And representation actually has almost nothing to do with the the gender or race of politicians. If that were true then all the sexism against men would have been tackled years ago, yet aside from the economy it’s surely the most pressing and obvious issue today (at the very least it’s the easiest one to tackle). And lets not pretend female politicians care about representing men either (just look at Lynne’s record of sexism for a start).

    All women shortlists have been a major disaster. The first small intake alone gave us Jacqui Smith, Helen Brinton, Barbara Follett and even Margaret Moran! It’s certainly an outstanding system for finding the worst possible politicians and biggest expense cheats in the country (and that’s really saying something). Electing these useless female politicians actually harms women and is a major step backwards because less enlightened people see all these useless females who aren’t there on merit and make the assumption that all women (including legitimately elected ones) must be equally incapable and corrupt.

    “Whatever your views on how best to get there”

    Anyone with the view that to get the best out there is to bar half the population from applying is insane.

    “It is in everyone’s interests to have a Parliament that is made up of the best people for the job”

    Indeed. When will you be resigning your Equalities post please Lynne?


    Unfortunately some studies have proven that women across all parties tend to vote for policies that favour women in the short term.

    This is an important consideration. Arguably men tend to support what is best for everybody while women support what appears best for women in the short term.

    Unfortunately with these types of gynocentric policies there are always unintended consequences. Perhaps we are starting to see these unintended consequences of previous similar policies such as the massive increase in single motherhood, unsustainable welfare and benefit spending, poor performance of boys and young men in the education system, declining marriage rates, increased youth criminality etc.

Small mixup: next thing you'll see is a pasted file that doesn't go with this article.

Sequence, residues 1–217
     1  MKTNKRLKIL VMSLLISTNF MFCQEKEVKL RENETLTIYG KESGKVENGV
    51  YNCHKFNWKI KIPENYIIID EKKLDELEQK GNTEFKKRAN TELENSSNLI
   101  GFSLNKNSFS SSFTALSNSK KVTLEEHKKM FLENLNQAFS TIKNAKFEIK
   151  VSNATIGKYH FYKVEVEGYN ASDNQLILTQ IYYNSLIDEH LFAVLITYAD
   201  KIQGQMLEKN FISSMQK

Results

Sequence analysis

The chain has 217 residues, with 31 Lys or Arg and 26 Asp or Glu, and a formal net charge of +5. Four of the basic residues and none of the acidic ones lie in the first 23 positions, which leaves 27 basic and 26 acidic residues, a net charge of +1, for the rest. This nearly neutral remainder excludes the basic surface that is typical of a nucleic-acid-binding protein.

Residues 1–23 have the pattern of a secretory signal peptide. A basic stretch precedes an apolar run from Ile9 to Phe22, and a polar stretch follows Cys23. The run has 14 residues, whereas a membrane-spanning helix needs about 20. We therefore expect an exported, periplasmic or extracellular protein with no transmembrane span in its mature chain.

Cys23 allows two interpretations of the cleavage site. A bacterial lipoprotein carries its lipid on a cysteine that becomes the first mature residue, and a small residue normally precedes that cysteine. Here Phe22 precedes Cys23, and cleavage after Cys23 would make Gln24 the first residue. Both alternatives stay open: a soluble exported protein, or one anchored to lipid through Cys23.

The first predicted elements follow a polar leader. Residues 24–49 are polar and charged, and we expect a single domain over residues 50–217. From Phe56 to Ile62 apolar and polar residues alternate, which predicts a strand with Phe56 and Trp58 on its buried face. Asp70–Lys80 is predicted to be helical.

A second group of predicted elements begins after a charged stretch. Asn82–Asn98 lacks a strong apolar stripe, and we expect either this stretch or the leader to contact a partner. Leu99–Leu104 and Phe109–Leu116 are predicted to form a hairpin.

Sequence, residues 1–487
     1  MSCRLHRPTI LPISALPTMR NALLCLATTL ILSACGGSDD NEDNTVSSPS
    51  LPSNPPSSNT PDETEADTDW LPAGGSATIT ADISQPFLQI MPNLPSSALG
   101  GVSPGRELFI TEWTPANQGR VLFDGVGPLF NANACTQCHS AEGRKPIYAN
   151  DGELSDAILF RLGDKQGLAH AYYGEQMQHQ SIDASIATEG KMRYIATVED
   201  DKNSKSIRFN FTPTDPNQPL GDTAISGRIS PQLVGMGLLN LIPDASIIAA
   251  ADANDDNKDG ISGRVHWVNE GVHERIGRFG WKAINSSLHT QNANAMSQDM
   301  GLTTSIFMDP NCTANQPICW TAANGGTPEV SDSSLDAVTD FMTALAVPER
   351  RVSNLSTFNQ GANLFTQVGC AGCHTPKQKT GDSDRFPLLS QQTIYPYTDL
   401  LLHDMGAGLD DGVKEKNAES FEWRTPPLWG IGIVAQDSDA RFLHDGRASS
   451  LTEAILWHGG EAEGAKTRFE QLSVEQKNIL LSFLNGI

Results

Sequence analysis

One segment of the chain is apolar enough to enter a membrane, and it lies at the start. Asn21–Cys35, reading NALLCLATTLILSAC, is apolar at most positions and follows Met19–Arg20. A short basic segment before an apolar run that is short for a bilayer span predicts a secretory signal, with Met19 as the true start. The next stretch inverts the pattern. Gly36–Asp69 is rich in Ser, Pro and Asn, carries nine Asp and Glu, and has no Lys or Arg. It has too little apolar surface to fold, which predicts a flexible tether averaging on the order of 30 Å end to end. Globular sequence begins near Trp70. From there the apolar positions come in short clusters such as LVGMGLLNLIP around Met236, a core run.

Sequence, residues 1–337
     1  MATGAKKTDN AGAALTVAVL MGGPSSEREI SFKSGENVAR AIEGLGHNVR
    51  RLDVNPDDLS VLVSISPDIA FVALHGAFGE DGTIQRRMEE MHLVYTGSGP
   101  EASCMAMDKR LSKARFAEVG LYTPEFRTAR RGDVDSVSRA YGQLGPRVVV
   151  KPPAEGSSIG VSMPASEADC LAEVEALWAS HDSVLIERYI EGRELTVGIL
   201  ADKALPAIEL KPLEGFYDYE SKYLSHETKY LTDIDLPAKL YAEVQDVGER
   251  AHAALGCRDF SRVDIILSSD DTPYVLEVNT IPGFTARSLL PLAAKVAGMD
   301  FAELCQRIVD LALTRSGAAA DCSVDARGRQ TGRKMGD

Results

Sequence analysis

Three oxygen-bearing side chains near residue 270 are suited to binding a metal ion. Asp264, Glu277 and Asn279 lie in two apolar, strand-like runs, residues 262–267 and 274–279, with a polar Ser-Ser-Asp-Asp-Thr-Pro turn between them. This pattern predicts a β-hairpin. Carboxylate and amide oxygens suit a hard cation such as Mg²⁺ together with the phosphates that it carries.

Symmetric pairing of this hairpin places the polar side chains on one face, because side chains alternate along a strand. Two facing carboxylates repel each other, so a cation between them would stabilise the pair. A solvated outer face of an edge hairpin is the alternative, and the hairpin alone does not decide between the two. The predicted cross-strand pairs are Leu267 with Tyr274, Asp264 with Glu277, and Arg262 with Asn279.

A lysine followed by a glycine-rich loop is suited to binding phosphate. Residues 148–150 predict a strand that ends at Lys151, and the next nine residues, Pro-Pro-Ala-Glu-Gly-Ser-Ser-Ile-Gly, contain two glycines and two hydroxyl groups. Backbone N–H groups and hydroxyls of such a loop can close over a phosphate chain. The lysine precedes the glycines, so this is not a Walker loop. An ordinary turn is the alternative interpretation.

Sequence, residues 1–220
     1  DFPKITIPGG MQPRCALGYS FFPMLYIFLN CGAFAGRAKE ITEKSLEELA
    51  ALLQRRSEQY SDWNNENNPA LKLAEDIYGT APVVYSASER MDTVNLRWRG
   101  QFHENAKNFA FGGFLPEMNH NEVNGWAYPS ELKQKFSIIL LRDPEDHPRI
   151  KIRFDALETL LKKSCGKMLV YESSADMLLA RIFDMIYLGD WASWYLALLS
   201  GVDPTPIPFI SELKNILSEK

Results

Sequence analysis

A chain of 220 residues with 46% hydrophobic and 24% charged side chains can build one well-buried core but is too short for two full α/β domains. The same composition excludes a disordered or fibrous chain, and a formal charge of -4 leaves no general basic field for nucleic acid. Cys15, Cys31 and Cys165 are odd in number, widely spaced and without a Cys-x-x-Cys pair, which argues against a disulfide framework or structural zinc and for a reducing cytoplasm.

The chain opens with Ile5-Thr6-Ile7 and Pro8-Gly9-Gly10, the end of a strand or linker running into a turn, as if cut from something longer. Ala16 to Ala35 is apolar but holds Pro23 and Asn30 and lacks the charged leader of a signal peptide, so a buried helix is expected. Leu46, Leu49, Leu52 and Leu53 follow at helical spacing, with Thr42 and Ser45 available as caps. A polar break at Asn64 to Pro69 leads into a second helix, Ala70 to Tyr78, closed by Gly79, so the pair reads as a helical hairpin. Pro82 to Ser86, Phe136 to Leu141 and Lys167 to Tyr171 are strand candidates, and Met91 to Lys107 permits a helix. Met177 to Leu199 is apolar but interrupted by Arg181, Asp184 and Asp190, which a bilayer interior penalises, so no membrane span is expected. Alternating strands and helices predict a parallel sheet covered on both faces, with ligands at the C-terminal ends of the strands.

Additionally there is very little evidence that diversification produces better governance, it remains an untested ideology. In fact the available studies and evidence suggest the contrary especially with respect to the introduction of quotas. e.g. Norway where the performance and profitability of companies was reduced as result of introducing quotas.

    Diversification sounds great in theory, however please can we have some proof, study and reliable data that it is better than the status quo before we roll it out everywhere.

    I would also suggest that allowing the current government to be allowed to manipulate the shortlists based on a nebulous notion of diversity could result in gerrymandering and result in less democracy rather than more.

  3. The trouble with having more women in parliament is that they focus on women’s issues without any thought or care about men. Indeed, when a women is elected to parliament she seems to very quickly become a misandryst.

  4. Although there’s a huge amount of truth in your point Paul that isn’t any reflection on women themselves.

    Most women are decent people, all your point proves is that some of the very worst, most sexist and selfish women are getting into Parliament and therefore the current system are causing this.

    Above all else the main problem is All Women shortlists. People who are ok with gaining power and influence by sexism and almost certainly going to be sexists themselves and they’re also going to be of a poorer standard too. We really need to restore democracy ASAP.

  5. “…But as ever in politics – as it should be in a democracy – what matters is not only what the system permits or what politicians want, but what the public demands”

    And the public demands that marriage remains between one man and one woman.

    Oh, not meant to mention that here?

    More double-spreak by politicians.